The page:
Rapid and faithful implementation is key to success, and (we) urged them to fully implement the agreements, in accordance with their stated commitments and agreed timetableU.N. calls for implementing of agreements Apr 09, 2009
As an elder statesman, he should be advising government in privateNigerian Democrats elect new leader Mar 09, 2008
Good night and goodbye. God bless you. God bless NigeriaNigeria gets new president May 29, 2007
Nothing should be done to make our people lose faith in the electoral process and its democratic outcomeYar'Adua proclaimed Nigerian president Apr 23, 2007
No matter how high one rises, one can never be too big, too high or too old to learnNigerian president returns to school Dec 02, 2006
Oluṣẹgun Mathew Okikiọla Arẹmu Ọbasanjọ, GCFR (pronounced in Yoruba, /oʊˈbɑːsəndʒoʊ/ in English; born circa 5 March 1937) is a former Nigerian Army general and former President of Nigeria. A Nigerian of Yoruba descent, Obasanjo was a career soldier before serving twice as his nation's head of state, once as a military ruler, between 13 February 1976 to 1 October 1979 and again from 29 May 1999 to 29 May 2007, as elected President. His current home is Abeokuta, the Capital City of Ogun State, where he is a nobleman and holder of the titles of the Balogun of the Owu Lineage and the Ekerin Balogun of the Egba clan of Yorubaland.
Ọbasanjọ was born in Ogun State, grew up in Owu (Abeokuta), and he enlisted in the Nigerian Army in 1958. His first name, Olusegun, means "The Lord is victorious". He trained at Aldershot, and was then commissioned as an officer in the Nigerian Army. He served at 1 Area Command in Kaduna and then became Chief Army Engineer, then commander of 2 Area Command from July 1967, which was redesignated 2 Division Rear, and then the Ibadan Garrison Organisation. He was also trained in DSSC, Wellington. During the Nigerian Civil War, he commanded the Army's 3 Marine Commando Division that took Owerri, effectively bringing an end to the civil war. Gbenga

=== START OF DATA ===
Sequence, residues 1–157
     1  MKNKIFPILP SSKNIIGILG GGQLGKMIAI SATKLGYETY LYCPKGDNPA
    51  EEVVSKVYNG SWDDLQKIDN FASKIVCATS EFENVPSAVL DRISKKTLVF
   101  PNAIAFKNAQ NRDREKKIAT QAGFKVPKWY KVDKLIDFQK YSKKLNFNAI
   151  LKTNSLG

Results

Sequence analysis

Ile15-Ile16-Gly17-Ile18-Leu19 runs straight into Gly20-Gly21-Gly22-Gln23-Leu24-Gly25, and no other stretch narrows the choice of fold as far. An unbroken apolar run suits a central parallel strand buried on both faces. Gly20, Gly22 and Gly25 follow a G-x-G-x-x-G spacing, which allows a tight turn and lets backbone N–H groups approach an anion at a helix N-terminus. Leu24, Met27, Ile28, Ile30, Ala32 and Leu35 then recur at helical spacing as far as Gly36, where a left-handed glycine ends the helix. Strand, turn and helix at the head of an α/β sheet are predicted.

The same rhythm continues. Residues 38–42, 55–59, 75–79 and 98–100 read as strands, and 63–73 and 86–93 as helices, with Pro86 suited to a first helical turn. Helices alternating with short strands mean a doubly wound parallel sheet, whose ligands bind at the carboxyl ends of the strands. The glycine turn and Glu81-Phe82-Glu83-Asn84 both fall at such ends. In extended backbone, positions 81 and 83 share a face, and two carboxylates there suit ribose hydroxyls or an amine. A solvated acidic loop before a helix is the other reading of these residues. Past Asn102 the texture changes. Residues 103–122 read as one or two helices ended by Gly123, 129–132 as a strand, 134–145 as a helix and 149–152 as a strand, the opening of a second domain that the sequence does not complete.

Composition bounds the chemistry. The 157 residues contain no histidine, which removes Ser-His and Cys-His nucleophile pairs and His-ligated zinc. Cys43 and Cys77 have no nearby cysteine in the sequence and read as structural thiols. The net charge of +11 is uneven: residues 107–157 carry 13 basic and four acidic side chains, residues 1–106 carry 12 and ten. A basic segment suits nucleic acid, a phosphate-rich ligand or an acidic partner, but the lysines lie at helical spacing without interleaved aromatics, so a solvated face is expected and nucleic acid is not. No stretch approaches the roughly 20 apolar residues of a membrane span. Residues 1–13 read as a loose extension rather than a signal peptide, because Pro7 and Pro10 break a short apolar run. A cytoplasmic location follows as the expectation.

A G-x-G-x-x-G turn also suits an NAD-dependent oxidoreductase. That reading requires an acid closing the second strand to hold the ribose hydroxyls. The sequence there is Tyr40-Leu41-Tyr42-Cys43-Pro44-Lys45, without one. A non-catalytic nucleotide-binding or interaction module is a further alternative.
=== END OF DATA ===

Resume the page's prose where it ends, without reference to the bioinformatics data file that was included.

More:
Although Brig. Ọbasanjọ did not directly participate in the military coup of 29 July 1975, led by Murtala Mohammed, he supported it and was named Murtala's deputy in the new government. As chief of staff of Supreme Headquarters, Obasanjo sought advice from Rogerlay of Akobi and thus had the support of the military. On 13 February 1976, he was marked for assassination along with Murtala and other senior military personnel by coup plotters, lead by Army Col. Dimka. Although Murtala was killed during the attempted coup, Obasanjo escaped death as another officer's vehicle was mistaken for his. The low profile security policy adopted by Murtala in guarding very important persons allowed the plotters easy access to their targets. The coup was foiled because the plotters missed Obasanjo and General Theophilus Danjuma, chief of army staff and de facto number three man in the country. The plotters also failed to monopolize communications, although they were able to take over the radio station to announce the coup attempt. Obasanjo and Danjuma were able to establish a chain of command and re-established security in Lagos, thereby regaining control. Obasanjo was made head of state in a meeting of the Supreme Military Council. Keeping the chain of command established by Murtala Muhammad in place, Obasanjo pledged to continue the programme for the restoration of civilian government in 1979 and to carry forward the reform programme to improve the quality of public service.